New Southgate often includes Brunswick Park and parts of Colney Hatch. Up until the 1850s the area was called Betstile - the name probably means Betta's Path. By 1822 there were a handful of houses and in 1851 the Great Northern Railway opened a station called Colney Hatch.
Colney Hatch, with its association with the lunatic asylum, was unattractive to the new residents and 'New Southgate' (mimicking New Barnet) further north, was chosen. The railway station's name changed in 1876 to include New Southgate, and eventually the name Colney Hatch was dropped altogether.
From the 1850s the area developed as a town centre. The Avenue district, a small triangle between Friern Barnet Lane, and Oakleigh Road, developed after 1854 to house workers employed by the Colney Hatch Asylum. It was very overcrowded, and had the reputation as the roughest district in Middlesex.
South of Friern Barnet Lane was the Colney Hatch Estate. Originally a middle-class area, its close proximity to the Asylum affected the value of the houses. Various institutions were established such as public houses, a gas company, a water company, schools, chapels and churches, a police station, and, by the 1920s, a cinema.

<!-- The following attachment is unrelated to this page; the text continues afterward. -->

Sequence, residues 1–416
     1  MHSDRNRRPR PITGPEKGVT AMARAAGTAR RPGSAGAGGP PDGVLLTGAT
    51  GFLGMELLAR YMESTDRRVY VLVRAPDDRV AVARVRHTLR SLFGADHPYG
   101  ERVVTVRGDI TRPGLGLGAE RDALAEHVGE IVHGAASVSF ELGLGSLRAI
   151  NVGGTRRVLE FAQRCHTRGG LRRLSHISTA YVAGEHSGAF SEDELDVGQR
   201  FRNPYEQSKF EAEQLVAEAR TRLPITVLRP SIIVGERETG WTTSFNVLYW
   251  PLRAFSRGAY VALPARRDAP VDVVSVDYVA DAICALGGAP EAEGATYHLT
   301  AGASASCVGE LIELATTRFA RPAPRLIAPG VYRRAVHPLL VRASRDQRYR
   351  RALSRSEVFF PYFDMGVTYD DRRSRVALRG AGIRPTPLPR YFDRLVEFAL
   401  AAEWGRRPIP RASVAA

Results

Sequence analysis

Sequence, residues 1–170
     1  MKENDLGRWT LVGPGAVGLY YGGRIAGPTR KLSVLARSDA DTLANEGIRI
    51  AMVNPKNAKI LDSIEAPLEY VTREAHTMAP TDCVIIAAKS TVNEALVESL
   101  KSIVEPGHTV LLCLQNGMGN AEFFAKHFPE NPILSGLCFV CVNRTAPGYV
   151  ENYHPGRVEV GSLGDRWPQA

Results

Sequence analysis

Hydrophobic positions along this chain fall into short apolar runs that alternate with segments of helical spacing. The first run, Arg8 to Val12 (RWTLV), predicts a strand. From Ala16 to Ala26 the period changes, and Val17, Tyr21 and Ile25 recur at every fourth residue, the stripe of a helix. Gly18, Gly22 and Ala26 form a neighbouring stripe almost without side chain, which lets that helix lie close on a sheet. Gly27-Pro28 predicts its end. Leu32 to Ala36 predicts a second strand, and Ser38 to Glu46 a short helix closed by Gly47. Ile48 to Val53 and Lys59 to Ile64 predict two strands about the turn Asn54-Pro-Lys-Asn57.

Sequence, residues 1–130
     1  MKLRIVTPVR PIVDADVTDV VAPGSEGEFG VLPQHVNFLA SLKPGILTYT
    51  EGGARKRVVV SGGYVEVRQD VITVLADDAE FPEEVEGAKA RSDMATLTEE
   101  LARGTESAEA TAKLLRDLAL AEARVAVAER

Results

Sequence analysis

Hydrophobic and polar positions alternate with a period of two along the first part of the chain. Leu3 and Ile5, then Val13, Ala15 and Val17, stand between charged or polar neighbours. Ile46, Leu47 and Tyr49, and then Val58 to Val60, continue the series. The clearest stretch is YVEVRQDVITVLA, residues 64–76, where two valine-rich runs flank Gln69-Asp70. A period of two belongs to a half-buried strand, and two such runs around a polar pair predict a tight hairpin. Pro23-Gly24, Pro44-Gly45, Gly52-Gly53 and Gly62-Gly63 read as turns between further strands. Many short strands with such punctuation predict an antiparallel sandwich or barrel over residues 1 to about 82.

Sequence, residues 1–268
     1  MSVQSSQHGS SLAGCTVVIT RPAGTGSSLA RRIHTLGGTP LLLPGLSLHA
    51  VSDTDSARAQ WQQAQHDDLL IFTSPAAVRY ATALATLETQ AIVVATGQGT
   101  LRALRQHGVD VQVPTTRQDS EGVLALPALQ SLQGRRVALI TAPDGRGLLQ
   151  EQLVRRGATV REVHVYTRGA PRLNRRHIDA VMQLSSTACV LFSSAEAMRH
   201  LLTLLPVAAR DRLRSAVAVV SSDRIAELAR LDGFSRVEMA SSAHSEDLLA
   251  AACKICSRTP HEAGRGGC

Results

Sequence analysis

Expansion of New Southgate was envisaged from very early on. The town was divided between East Barnet, Friern Barnet and Southgate, and the county authorities of Hertfordshire and Middlesex. This made planning difficult. The Anglican church of St Paul's (1873) was built to seat 700 but was a little over half full by 1903.
Trams ran to Wood Green in 1907 and North Finchley by 1909 helping the population to rise to 7000 in 1921. Further transport links, including the building of the North Circular Road (1929) and the opening Arnos Grove tube station (1932), led to further suburban development east of New Southgate.
During World War Two there was extensive bomb damage. In 1956 Southgate Council planned to re-develop, starting with construction of the tower blocks in Highview Gardens (1960). In 1965, the new London Boroughs of Barnet and Enfield came into existence and the area was split between the two. The name survives due to the mainline railway, but as a centre it has never succeeded in the way that other Victorian new towns, like New Barnet, did.
Famous people of the area include James Selby (d.1888), the coachman, who was brought up at the Railway Hotel (Turrets public house) in the 1860s. He achieved the longest distance ever driven by one coachman, as well as the fastest time a team of horses could be changed for another (47 seconds). Jerome K Jerome spent part of his childhood in Springfield Road.